Rules Still Refer to Title 63 and Title 78

Mike Broschinsky Rulemaking, Uncategorized

H.B. 63 (2008) and H.B. 11 (2009) recodified the statutes that formerly appeared under Title 63. H.B. 78 (2008) recodified the statutes that formerly appeared under Title 78. Each agency is responsible for correcting its rules that reference these statutes. An agency may file a nonsubstantive change to correct each rule affected. Based on the rules in effect on January …

Deadlines for Rules Specifically Required by 2010 Legislation

Mike Broschinsky Rulemaking, Uncategorized

Under the provisions of Subsection 63G-3-301(13), when a bill passes that specifically mandates rulemaking (e.g., “agency shall write rules”), the affected agency is required to initiate rulemaking within 180-days of the bill’s effective date. In other words: For bills effective 05/11/2010, corresponding rules must be filed with the Division of Administrative Rules by 11/07/2010. For bills effective 07/01/2010, corresponding rules …

eRules v. 2 is Live!

Mike Broschinsky eRules, Rulemaking, Uncategorized

eRules is the application that state agencies in Utah use to file administrative rules with the Division of Administrative Rules.  The new version of eRules went live on July 16, 2009, replacing the original application that has been in operation since September 2001.  Rule filers may access the new system by going to http://erules.rules.utah.gov/. eRules v. 2 functions much like …

Legislation Potentially Affecting Administrative Rulemaking: A Summary

Mike Broschinsky Legislation, Rulemaking, Uncategorized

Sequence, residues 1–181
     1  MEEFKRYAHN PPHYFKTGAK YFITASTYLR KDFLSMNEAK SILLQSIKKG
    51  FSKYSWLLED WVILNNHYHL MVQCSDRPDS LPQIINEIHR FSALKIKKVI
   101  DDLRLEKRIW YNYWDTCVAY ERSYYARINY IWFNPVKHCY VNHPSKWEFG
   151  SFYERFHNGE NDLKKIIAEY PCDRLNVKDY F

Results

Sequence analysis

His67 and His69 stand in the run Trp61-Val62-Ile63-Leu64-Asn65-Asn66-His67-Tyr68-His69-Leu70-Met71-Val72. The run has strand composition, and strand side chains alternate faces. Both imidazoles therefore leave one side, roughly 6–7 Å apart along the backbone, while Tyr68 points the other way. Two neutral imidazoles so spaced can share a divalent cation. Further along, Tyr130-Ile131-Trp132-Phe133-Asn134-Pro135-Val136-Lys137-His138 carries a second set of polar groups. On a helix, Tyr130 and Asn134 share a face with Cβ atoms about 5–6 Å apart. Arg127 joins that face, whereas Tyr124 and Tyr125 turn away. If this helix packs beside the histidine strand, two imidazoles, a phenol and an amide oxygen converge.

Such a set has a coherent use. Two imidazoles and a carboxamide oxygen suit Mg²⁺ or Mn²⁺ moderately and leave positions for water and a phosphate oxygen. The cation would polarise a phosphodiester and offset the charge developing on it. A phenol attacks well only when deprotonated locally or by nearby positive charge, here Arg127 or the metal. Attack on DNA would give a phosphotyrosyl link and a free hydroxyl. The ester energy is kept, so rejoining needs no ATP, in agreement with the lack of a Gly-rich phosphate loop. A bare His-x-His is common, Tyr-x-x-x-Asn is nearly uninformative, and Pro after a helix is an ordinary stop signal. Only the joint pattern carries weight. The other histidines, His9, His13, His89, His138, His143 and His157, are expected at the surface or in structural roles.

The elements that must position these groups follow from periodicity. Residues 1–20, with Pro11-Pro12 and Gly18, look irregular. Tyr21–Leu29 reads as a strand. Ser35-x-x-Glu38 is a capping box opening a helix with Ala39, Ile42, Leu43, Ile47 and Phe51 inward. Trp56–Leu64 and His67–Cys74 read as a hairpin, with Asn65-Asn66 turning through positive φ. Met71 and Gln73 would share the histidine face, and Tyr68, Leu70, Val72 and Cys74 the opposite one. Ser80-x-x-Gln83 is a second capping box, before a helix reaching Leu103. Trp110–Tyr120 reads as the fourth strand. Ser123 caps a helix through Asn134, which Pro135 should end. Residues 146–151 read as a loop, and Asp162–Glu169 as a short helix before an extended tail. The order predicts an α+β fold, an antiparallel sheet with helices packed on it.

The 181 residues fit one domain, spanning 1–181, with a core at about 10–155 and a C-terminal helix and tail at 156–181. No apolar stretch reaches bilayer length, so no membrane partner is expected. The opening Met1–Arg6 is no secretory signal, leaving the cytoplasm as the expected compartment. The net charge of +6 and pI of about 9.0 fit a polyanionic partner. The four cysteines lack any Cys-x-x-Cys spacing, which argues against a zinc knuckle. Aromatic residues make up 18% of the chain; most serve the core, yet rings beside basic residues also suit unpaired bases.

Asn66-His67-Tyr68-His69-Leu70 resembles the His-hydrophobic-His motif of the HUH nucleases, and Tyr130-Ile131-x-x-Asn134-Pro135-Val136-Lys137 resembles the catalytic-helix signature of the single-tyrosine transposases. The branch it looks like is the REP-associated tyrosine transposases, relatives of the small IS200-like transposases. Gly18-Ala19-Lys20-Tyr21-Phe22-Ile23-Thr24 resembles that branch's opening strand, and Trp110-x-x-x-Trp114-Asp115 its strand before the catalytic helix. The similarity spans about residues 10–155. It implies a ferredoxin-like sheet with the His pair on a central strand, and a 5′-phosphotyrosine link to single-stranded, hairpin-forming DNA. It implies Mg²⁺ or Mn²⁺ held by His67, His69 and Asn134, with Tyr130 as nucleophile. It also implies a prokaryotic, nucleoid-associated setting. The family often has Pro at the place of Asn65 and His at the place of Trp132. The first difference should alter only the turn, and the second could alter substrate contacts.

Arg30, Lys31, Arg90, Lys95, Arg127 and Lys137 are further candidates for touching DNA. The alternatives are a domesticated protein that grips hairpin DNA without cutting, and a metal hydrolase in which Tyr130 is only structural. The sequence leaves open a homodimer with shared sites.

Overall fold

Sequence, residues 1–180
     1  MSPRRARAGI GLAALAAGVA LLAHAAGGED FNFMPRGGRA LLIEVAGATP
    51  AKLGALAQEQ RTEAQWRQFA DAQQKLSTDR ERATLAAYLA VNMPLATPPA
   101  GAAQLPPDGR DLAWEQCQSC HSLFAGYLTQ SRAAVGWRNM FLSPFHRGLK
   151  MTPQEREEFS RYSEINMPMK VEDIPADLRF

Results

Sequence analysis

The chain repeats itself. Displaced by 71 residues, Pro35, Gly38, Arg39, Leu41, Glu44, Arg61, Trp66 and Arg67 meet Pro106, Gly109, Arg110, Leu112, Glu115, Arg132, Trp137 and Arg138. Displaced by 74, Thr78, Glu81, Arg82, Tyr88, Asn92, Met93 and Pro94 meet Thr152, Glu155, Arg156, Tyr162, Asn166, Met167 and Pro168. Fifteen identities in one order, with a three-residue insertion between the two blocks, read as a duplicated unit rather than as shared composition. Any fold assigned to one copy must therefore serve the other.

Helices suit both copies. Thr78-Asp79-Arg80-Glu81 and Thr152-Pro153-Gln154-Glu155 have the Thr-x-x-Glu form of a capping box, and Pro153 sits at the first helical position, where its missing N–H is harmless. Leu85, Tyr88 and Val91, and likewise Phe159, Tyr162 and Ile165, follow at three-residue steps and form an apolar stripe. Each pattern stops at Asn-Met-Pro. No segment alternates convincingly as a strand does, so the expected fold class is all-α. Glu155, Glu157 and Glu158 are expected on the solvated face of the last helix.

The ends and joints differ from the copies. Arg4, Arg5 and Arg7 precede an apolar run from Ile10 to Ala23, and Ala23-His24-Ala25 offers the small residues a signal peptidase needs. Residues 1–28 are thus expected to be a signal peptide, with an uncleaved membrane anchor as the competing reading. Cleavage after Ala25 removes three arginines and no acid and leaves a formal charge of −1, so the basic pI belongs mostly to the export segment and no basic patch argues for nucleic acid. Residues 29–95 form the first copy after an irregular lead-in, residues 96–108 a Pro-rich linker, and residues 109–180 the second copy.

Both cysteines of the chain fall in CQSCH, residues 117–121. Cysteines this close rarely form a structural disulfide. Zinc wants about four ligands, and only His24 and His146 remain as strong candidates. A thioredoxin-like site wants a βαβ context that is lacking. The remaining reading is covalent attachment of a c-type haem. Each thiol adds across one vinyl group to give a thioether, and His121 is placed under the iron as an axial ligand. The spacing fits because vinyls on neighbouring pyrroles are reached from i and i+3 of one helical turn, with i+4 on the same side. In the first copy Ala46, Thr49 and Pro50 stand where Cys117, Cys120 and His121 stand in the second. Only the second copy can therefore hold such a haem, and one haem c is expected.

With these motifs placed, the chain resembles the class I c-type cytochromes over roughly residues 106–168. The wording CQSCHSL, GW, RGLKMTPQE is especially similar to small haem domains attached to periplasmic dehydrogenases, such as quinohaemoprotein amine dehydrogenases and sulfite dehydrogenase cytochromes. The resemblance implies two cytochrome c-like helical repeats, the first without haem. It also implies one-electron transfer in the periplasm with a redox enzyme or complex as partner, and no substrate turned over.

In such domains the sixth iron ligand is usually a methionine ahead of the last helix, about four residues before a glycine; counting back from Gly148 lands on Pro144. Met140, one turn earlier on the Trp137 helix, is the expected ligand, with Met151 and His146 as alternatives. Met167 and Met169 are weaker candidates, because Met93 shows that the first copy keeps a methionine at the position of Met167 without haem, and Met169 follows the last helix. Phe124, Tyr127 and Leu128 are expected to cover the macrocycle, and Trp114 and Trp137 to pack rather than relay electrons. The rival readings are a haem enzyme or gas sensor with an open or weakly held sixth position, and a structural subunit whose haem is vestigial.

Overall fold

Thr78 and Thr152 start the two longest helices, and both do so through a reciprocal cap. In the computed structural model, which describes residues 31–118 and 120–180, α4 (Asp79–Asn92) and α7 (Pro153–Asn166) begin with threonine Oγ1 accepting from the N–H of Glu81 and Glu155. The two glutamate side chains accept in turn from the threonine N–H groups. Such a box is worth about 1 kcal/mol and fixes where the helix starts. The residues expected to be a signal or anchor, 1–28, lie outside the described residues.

During the 2009 General Session, the Legislature is considering the following bills that potentially affect rulemaking. H.B. 32.  Amendments to Agency Rulemaking Regarding Criminal Penalties.  Rep. B. Ferry. After almost four years and four other bills (H.B. 317 (2006), S.B. 138 (2007), H.B. 57 (2008) and H.B. 80 (2008)), H.B. 32 concludes the Administrative Rules Review Committee’s effort to amend …

2009 Rulemaking Training Schedule

Mike Broschinsky Rulemaking, Training, Uncategorized

The Division of Administrative Rules has scheduled training for agency rulefilers for 2009. These sessions will focus on the rulemaking process. Morning sessions — 9 to noon — will focus on completing the rule analysis form and five-year review form. Afternoon sessions — 1:30 to 3:30 pm — will focus on preparing rule text. This training will be offered on …

Committee Approves Changes to Rulemaking Act

Mike Broschinsky Legislation, Oversight and Review, Rulemaking, Uncategorized

At the November 17, 2008, Administrative Rules Review Committee meeting, the committee approved the following amendment to the Rulemaking Act. (13) (a)  As used in this Subsection (13), “initiate rulemaking proceedings” means the filing, for the purposes of publication in accordance with Subsection (4), of an agency’s proposed rule that is required by state statute. (b)  A state agency shall …

Rules Due for Review Before the End of 2008

Mike Broschinsky Agency Deadlines, Rulemaking, Uncategorized

Section 63G-3-305 requires each agency to review its rules within five years of each rule’s original enactment, and then within five-year intervals. To comply with the review requirement, the agency must submit a “Five-Year Notice of Review and Statement of Continuation” for each of its rules listed below. Otherwise, unreviewed rules will expire, become unenforceable, and will be removed from …

Deadlines for Explicitly Mandated Rules

Mike Broschinsky Agency Deadlines, Rulemaking, Uncategorized

This year, the deadline for agencies to initiate rulemaking explicitly mandated by a bill that went into effect on May 5, 2008, is November 1, 2008.  The deadline for agencies to initiate rulemaking explicitly mandated by a bill that went into effect on July 1, 2008, is December 28, 2008. (Utah Code Subsection 63G-3-301(13); Utah Administrative Code Section R15-3-5) Subsection …

Rules Due for Review in 2008

Mike Broschinsky Agency Deadlines, Rulemaking, Uncategorized

Section 63-46a-9 requires each agency to review its rules within five years of each rule’s original enactment, and then within five-year intervals. To comply with the review requirement, the agency must submit a “Five-Year Notice of Review and Statement of Continuation” for each of its rules listed below. Otherwise, unreviewed rules will expire, become unenforceable, and will be removed from …